The arguments in our op-ed will be familiar to TOTM readers.  We begin with three fundamental points:  (1) Distribution is an “input” for carmakers.  (2) Producers, if left to their own devices, will choose the more efficient option when deciding whether to “buy” the distribution input (i.e., to sell through independent dealers, who pay a discounted wholesale price) or “make” it (i.e., to operate their own retail outlets and charge the higher retail price).  (3) Consumers — who ultimately pay all input costs, including the cost of distribution — will benefit if the most efficient option is selected.  In short, the interests of carmakers and consumers are aligned here: both benefit from implementation of the most efficient distribution scheme.

We then rebut the arguments that a direct distribution ban is needed to break up monopoly power, to assure adequate aftermarket servicing of vehicles, or to encourage appropriate safety recalls.  (On these points, we draw heavily from International Center for Law & Economics’ letter to Gov. Chris Christie regarding New Jersey’s proposed anti-Tesla legislation.)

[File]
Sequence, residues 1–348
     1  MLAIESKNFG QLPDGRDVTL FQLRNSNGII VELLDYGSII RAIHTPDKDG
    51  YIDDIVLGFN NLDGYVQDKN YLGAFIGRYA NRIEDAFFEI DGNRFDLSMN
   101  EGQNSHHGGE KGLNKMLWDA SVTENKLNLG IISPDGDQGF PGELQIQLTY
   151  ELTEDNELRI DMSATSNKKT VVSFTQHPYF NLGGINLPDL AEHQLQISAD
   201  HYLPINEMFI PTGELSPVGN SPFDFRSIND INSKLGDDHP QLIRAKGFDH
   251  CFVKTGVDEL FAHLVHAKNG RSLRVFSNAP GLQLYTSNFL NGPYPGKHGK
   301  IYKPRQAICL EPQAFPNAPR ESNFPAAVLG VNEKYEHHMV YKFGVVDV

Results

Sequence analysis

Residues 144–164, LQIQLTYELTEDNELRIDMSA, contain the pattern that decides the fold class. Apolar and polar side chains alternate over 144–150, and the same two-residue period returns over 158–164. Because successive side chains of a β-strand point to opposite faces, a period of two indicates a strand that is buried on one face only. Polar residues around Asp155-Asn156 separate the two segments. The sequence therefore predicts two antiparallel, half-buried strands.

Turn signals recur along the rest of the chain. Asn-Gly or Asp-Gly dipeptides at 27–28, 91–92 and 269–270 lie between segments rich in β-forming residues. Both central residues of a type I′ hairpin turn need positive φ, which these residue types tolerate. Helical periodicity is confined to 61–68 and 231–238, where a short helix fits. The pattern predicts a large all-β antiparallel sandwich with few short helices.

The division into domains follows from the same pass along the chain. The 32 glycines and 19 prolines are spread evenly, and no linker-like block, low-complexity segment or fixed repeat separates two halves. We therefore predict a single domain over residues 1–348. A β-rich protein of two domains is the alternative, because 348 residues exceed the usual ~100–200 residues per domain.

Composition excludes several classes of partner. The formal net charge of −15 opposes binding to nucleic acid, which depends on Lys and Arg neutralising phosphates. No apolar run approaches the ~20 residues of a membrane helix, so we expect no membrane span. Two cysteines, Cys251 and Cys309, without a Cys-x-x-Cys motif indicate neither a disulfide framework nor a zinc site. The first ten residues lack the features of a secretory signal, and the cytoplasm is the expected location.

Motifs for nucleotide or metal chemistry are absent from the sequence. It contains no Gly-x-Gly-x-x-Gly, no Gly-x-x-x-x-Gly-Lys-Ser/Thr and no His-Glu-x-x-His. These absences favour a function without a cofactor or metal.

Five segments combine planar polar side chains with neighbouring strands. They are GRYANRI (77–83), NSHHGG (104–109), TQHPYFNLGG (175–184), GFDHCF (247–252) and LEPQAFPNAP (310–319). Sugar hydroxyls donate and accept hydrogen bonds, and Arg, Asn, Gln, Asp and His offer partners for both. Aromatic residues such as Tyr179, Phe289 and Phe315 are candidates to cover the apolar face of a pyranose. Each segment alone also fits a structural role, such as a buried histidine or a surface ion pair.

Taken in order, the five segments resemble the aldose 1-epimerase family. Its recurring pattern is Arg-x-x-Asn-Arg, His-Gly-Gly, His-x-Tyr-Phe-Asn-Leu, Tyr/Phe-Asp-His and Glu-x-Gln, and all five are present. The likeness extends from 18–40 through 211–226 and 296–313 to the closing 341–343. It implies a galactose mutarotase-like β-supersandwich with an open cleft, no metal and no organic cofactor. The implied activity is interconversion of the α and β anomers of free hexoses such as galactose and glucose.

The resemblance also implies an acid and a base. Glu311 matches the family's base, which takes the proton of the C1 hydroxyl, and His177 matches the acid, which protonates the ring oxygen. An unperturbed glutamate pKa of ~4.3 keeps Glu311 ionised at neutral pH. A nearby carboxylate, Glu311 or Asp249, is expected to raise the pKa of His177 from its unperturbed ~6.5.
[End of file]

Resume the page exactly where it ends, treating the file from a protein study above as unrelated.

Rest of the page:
Go read the whole thing.

Earlier this month New Jersey became the most recent (but likely not the last) state to ban direct sales of automobiles. Although the rule nominally applies more broadly, it is directly aimed at keeping Tesla Motors (or at least its business model) out of New Jersey. Automobile dealers have offered several arguments why the rule is in the public interest, but a little basic economics reveals that these arguments are meritless.

Today the International Center for Law & Economics sent an open letter to New Jersey Governor Chris Christie, urging reconsideration of the regulation and explaining why the rule is unjustified — except as rent-seeking protectionism by independent auto dealers.

The letter, which was principally written by University of Michigan law professor, Dan Crane, and based in large part on his blog posts here at Truth on the Market (see here and here), was signed by more than 70 economists and law professors.